Document Detail


Airway immunopathology of asthma with exercise-induced bronchoconstriction.
MedLine Citation:
PMID:  16159628     Owner:  NLM     Status:  MEDLINE    
Abstract/OtherAbstract:
BACKGROUND: Exercise-induced bronchoconstriction (EIB) is a common cause of symptoms in a subgroup of asthmatic subjects. The pathobiology that makes this group of asthmatic subjects susceptible to bronchoconstriction after a brief period of exercise remains poorly understood.
OBJECTIVE: We sought to determine whether there are differences in lower airway inflammation and production of cytokines and eicosanoids between asthmatic subjects with and without EIB.
METHODS: Two distinct groups of asthmatic subjects based on a priori definitions were identified, one with moderate-to-severe EIB and the other without significant bronchoconstriction after exercise challenge. Both groups met the definition of asthma on the basis of bronchodilator response, bronchial hyperresponsiveness, or both. A comparative immunopathology study was conducted by using induced sputum to identify differences in lower airway inflammation and production of cytokines and eicosanoids.
RESULTS: The groups had similar baseline lung function and bronchodilator response and did not have any asthma exacerbations within the prior year. The concentration of columnar epithelial cells was markedly higher in the group with EIB (1.4 x 10(5) vs 2.9 x 10(4) cells/mL, P=.01). The concentration of eosinophils was higher in the group with EIB (3.6 x 10(4) vs 4.9 x 10(3) cells/mL P=.04). Cysteinyl leukotrienes (CysLTs; 727.7 vs 151.9 pg/mL, P=.01) and the ratio of CysLTs to prostaglandin E(2) (1.85 vs 1.04, P=.002) in the airways were higher in the group with EIB.
CONCLUSION: Injury to the airway epithelium, overexpression of CysLTs, relative under production of prostaglandin E(2), and greater airway eosinophilia are distinctive immunopathologic features of asthma with EIB.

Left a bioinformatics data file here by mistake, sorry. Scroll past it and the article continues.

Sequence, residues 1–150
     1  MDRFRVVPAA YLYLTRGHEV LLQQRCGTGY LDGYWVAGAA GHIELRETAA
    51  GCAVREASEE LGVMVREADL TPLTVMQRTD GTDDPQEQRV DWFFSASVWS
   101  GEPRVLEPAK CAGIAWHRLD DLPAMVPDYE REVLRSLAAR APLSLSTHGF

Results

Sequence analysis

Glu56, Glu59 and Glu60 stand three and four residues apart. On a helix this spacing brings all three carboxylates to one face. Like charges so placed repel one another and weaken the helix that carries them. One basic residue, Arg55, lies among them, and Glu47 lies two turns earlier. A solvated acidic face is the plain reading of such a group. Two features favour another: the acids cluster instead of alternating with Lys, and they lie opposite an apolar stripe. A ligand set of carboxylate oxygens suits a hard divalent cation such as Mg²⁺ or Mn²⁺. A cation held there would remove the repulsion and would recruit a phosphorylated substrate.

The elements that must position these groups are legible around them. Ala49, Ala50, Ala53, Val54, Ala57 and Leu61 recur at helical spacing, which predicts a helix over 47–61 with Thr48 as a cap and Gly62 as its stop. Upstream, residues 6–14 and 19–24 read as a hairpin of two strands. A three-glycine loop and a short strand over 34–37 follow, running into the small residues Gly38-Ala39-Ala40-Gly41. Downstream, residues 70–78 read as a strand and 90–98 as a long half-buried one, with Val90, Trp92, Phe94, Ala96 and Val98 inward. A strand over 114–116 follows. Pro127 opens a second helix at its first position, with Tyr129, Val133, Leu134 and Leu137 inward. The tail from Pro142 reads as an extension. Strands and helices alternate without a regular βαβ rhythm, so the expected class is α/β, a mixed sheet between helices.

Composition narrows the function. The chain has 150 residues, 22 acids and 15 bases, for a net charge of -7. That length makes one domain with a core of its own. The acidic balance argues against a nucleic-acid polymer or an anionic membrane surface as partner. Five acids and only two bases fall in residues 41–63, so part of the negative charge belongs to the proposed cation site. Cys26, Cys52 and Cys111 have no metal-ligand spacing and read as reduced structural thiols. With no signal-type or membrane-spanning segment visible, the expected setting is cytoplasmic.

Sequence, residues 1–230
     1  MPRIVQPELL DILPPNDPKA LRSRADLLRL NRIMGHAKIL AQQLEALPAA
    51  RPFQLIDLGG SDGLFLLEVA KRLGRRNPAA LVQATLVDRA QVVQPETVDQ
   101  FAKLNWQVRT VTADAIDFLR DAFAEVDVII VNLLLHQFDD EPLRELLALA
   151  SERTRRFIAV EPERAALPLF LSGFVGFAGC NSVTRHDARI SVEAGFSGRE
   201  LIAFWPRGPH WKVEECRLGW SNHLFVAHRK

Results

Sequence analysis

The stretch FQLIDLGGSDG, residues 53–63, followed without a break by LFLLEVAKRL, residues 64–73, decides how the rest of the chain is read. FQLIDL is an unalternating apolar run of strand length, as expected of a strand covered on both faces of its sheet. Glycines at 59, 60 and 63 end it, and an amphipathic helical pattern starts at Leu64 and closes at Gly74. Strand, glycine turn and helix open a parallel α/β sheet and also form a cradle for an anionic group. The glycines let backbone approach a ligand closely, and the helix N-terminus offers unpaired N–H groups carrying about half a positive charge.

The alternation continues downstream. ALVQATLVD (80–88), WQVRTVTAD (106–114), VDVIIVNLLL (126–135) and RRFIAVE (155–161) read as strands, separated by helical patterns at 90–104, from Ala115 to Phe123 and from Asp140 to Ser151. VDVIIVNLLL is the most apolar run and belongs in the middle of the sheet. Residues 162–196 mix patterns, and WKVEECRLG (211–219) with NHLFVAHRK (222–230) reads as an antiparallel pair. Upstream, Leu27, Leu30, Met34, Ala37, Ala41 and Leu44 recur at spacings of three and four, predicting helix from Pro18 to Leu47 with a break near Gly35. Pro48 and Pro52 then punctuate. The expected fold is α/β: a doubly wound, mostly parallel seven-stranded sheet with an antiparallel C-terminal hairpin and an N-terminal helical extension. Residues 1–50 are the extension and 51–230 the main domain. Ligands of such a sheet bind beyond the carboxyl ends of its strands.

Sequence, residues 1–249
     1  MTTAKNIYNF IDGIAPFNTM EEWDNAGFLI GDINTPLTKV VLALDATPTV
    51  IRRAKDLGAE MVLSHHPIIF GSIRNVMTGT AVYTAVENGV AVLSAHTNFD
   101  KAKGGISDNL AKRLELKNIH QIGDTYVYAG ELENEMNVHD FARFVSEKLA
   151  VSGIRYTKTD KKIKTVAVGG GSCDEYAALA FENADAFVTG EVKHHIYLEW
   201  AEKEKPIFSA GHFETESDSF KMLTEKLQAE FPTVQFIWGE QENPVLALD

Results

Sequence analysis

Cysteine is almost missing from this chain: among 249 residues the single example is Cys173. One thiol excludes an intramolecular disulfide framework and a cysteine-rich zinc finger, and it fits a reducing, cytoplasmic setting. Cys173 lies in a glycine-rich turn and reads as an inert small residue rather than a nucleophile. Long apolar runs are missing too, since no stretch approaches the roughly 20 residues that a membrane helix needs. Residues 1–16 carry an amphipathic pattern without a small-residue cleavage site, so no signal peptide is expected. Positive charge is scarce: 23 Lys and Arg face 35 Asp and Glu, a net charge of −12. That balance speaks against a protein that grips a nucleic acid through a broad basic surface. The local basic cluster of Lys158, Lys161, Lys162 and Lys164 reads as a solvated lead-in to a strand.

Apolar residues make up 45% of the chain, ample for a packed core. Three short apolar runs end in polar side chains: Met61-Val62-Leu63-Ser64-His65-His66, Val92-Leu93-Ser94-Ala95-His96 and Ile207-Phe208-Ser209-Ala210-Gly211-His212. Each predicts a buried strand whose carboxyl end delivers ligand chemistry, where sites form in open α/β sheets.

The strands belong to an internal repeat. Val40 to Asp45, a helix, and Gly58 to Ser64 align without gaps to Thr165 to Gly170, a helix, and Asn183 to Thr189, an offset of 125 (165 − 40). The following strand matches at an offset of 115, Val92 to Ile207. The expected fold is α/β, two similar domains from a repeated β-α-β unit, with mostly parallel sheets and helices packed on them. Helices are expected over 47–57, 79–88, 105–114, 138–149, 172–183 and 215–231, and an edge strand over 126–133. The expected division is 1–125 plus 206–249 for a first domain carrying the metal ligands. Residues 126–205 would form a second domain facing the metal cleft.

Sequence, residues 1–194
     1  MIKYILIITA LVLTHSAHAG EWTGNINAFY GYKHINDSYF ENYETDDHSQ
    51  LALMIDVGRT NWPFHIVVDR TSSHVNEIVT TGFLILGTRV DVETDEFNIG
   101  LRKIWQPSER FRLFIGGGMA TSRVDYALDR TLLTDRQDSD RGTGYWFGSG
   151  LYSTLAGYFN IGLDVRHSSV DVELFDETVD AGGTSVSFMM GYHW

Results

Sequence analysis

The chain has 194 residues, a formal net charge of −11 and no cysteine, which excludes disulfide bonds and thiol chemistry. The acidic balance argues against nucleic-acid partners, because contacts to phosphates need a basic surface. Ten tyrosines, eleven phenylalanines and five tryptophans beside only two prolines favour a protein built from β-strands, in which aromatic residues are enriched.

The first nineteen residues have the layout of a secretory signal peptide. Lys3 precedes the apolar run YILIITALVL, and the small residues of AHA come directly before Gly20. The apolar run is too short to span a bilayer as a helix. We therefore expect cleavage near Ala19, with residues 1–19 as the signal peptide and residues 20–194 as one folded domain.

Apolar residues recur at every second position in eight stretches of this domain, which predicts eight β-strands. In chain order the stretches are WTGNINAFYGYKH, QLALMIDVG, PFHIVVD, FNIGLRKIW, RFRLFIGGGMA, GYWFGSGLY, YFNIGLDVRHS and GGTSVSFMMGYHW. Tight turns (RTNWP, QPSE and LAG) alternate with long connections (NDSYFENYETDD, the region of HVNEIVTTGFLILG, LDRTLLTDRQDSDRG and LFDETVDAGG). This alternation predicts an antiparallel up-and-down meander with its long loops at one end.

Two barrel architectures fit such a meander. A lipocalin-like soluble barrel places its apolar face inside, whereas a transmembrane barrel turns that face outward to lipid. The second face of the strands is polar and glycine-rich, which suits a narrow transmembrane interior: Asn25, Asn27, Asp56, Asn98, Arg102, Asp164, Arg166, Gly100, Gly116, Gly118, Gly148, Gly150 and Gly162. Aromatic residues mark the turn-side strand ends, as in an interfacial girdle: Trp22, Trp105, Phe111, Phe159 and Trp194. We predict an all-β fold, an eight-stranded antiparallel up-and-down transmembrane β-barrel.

Authors:
Teal S Hallstrand; Mark W Moody; Moira L Aitken; William R Henderson
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Publication Detail:
Type:  Comparative Study; Journal Article; Research Support, N.I.H., Extramural; Research Support, Non-U.S. Gov't; Research Support, U.S. Gov't, P.H.S.    
Journal Detail:
Title:  The Journal of allergy and clinical immunology     Volume:  116     ISSN:  0091-6749     ISO Abbreviation:  J. Allergy Clin. Immunol.     Publication Date:  2005 Sep 
Date Detail:
Created Date:  2005-09-14     Completed Date:  2005-11-15     Revised Date:  2011-06-16    
Medline Journal Info:
Nlm Unique ID:  1275002     Medline TA:  J Allergy Clin Immunol     Country:  United States    
Other Details:
Languages:  eng     Pagination:  586-93     Citation Subset:  AIM; IM    
Affiliation:
Department of Medicine, Division of Pulmonary and Critical Care, University of Washington, Seattle, WA 98195, USA. tealh@u.washington.edu
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MeSH Terms
Descriptor/Qualifier:
Adult
Asthma, Exercise-Induced / immunology*,  pathology*
Cytokines / analysis,  immunology
Eicosanoids / analysis,  immunology
Eosinophils / immunology
Female
Humans
Lung / immunology*,  pathology*
Male
Middle Aged
Sputum / chemistry,  cytology,  immunology
Grant Support
ID/Acronym/Agency:
HL04231/HL/NHLBI NIH HHS; K23 HL004231-04/HL/NHLBI NIH HHS
Chemical
Reg. No./Substance:
0/Cytokines; 0/Eicosanoids
Comments/Corrections
Erratum In:
J Allergy Clin Immunol. 2007 Aug;120(2):307
J Allergy Clin Immunol. 2008 Apr;121(4):999

From MEDLINE®/PubMed®, a database of the U.S. National Library of Medicine


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